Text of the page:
Canon Digital IXUS 990 IS Review

April 27, 2009 | Mark Goldstein |


The Canon Digital IXUS 990 IS camera is a sound addition to the now extensive IXUS / Elph range, but it doesn't quite offer enough to justify its rather high price tag. $379.99 / £379.00 is a lot of money to pay for what is essentially a point-and-shoot compact, albeit one that's stylish, full-featured, yet still easy to use for the beginner. It also suffers in direct comparison with its predecessor, the IXUS 980 IS, which is still available and offers a lot more to the more experienced photographer, including full manual shooting mode, a live histogram, manual focusing and even more megapixels. If you're looking for a pocket camera to supplement your DSLR, then the 980 IS is clearly the IXUS model to go for. Indeed, in the US, the IXUS 990 IS is called the SD970 IS Digital Elph and is positioned below the older SD980 model, a reflection of its rather different feature set.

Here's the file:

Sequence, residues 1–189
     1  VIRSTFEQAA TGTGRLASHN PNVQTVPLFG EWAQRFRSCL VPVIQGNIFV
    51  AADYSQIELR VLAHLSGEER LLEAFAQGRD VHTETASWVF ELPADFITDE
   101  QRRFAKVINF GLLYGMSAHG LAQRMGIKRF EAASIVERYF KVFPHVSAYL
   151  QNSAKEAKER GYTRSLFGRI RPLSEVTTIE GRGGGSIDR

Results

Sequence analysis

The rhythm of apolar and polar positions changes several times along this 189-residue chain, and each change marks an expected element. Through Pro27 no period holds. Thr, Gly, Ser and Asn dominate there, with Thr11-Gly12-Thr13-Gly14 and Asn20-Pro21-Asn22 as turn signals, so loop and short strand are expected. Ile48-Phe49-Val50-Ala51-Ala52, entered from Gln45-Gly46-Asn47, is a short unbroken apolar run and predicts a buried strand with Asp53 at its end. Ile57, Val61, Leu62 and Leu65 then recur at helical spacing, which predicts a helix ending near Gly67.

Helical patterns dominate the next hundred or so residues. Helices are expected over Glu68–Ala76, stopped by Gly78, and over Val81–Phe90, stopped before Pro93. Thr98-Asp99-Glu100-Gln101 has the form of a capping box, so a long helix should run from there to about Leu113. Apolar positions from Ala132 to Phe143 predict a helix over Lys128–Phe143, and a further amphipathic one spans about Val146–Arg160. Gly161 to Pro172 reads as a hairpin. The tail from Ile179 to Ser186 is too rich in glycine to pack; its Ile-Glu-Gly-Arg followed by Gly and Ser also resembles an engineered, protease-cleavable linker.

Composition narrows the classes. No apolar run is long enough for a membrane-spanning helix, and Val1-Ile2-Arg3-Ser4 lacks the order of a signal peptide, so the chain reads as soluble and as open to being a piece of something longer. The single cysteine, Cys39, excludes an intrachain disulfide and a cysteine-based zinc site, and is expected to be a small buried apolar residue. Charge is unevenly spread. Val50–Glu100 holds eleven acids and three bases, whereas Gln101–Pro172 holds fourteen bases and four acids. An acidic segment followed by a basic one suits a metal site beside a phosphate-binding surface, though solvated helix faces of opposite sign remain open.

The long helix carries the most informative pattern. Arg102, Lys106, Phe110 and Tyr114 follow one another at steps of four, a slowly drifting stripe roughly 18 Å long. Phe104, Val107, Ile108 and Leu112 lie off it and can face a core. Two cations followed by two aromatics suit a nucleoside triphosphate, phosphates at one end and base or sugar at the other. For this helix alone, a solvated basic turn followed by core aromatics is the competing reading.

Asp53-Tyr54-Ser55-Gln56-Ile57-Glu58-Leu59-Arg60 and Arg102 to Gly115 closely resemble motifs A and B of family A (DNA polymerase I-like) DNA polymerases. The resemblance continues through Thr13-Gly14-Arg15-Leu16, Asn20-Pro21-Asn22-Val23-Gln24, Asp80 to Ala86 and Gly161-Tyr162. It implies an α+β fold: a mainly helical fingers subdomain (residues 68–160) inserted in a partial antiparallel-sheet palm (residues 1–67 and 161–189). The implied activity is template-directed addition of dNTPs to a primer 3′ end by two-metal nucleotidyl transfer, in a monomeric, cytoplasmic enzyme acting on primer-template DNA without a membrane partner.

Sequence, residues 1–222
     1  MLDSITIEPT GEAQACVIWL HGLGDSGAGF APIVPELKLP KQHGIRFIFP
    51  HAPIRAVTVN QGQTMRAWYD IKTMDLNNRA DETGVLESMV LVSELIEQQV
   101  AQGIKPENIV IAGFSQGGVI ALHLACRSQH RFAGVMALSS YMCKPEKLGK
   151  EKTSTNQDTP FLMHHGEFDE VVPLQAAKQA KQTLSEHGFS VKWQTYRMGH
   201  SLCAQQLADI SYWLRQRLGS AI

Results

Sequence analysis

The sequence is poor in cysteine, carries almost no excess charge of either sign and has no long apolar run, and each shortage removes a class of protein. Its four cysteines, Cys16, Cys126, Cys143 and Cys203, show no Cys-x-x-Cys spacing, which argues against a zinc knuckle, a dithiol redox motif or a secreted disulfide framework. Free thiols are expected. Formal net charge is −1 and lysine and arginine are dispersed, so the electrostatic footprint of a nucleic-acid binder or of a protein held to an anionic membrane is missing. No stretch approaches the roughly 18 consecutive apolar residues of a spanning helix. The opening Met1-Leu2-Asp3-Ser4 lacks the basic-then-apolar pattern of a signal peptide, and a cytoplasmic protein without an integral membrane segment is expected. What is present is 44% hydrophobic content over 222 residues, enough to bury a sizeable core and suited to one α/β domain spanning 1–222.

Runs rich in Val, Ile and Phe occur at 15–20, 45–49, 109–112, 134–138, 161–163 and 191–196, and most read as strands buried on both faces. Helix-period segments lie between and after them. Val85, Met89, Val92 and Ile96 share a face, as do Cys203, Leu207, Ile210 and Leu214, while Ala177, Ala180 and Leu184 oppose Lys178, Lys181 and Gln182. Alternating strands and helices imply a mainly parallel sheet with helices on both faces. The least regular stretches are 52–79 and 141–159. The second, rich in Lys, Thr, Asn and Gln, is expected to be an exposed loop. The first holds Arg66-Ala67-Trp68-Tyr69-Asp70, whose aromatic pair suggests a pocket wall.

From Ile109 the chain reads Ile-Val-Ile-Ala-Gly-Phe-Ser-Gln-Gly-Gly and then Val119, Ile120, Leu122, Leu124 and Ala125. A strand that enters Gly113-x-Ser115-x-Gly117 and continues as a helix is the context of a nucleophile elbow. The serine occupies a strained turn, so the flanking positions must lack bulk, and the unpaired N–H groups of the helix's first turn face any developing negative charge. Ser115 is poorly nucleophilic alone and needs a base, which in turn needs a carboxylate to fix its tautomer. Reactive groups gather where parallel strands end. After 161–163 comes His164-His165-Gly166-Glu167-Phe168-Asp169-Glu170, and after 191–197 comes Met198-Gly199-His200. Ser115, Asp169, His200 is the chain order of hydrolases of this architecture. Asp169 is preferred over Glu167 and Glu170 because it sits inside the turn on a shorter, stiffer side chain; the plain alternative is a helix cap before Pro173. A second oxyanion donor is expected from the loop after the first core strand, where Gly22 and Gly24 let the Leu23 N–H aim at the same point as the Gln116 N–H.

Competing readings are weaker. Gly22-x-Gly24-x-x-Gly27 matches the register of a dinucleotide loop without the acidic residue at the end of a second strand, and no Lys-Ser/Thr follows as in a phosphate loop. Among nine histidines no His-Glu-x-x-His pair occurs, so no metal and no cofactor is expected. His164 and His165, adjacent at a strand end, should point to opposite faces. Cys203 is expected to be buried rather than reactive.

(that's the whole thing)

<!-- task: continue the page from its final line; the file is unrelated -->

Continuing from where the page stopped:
In its favour, the Canon Digital IXUS 990 IS does offer a longer 5x, 37-185mm lens and excellent higher-resolution 460,000 dot, 3 inch screen. As with the 980 IS camera, though, the 37mm equivalent wide-angle doesn't seem enough these days when competitors are releasing cameras with 25mm lenses. Also the extensive corner softness and barrel distortion at the 37mm setting effectively mean that you are best off using this camera in the telephoto range. The IXUS 990 IS also suffers from less than stellar images in low-light due to obvious noise appearing at ISO 200 and faster, and the slow continuous shooting speed of 1.0fps is also disappointing. The 1280x720 pixel HD Movie mode promises to tip the balance in the 990's favour, but it quickly fills up your memory card thanks to the space-hungry Quicktime format, suffers from the usual muffled mono sound, and worst of all doesn't allow the zoom to be used during recording.

So overall, the new Canon Digital IXUS 990 IS falls between two camps - it's too expensive for the casual snapper, and doesn't offer enough advanced features for the pros looking for a second pocket camera. It's undoubtedly a really nice camera to use, and therefore still easy to recommend, but there are better and cheaper alternatives, including from Canon themselves.

4 stars

Ratings (out of 5)
Design 4.5
Features 4
Ease-of-use 4
Image quality 4
Value for money 3